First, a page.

This research has been published online in December issue of the journal Nature Communications.
Chromosphere refers to the lower region of the atmosphere of the Sun or any other star. It is present between the surface of the Sun, i.e. photosphere, and the outer layer of the Sun, i.e. corona. For a long time, astronomers were amazed by this fact that the corona is nearly 200 times hotter than the surface of the star.
It was previously believed that magnetohydrodynamic (MHD) waves distribute energy between the surface and outer layers of the Sun. MHD refers to the movement of the electrically conducting fluids such as plasmas, liquid metals, and salt water or electrolytes.
Scientists have used the most advanced form of solar-imaging technology to study the chromosphere of the Sun and revealed the mechanism behind the hotter outer surface.
In this research, scientists used UK-designed dedicated solar-imaging telescope known as Rapid Oscillations in the Solar Atmosphere, or ROSA, and analyzed the MHD waves to study the chromosphere in high level of detail for the first time.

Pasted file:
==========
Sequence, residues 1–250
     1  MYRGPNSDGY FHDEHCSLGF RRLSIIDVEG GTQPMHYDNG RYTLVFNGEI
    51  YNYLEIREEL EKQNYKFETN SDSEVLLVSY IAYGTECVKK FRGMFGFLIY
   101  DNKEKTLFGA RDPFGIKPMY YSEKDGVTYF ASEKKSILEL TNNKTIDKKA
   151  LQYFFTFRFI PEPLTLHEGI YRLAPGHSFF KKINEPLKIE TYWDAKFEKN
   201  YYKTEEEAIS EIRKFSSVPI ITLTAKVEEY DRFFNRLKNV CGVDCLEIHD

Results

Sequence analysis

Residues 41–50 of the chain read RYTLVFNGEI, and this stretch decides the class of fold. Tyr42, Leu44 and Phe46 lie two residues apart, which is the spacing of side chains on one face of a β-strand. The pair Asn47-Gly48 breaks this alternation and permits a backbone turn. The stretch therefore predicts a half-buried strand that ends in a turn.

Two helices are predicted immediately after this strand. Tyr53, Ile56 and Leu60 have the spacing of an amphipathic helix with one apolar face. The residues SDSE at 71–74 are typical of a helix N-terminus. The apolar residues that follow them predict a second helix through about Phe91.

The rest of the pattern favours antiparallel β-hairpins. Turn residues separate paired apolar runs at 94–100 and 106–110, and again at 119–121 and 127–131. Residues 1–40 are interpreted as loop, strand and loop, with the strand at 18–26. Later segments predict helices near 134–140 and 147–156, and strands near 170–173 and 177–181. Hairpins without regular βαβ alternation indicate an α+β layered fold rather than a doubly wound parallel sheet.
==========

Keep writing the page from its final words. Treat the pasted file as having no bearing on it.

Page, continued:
Through the highest resolution images of the chromosphere, scientists were able to study the speed and the power of the waves enabling them to study the amount of energy transported. They confirmed that these MHD waves cause the transport of energy from below the solar surface to the corona through the chromosphere resulting in excessively hot outer surface.
Dr Morton, from Solar Physics and Space Plasma Research Centre, School of Mathematics and Statistics, University of Sheffield, said in a statement, “The Sun is our closest star and provides a unique opportunity to study the properties of stars in detail. Stars generate heat through thermonuclear reactions in their core and the temperature decreases towards the star’s surface. However, a significant number of stars have higher temperatures at the outer edges of their atmospheres than they do on their surface.
“Our observations have permitted us to estimate the amount of energy transported by the magnetic waves, and these estimates reveal that the waves’ energy meets the energy requirement for the unexplained temperature increase in the corona.”
Morton, R., Verth, G., Jess, D., Kuridze, D., Ruderman, M., Mathioudakis, M., & Erdélyi, R. (2012). Observations of ubiquitous compressive waves in the Sun’s chromosphere Nature Communications, 3 DOI: 10.1038/ncomms2324None found.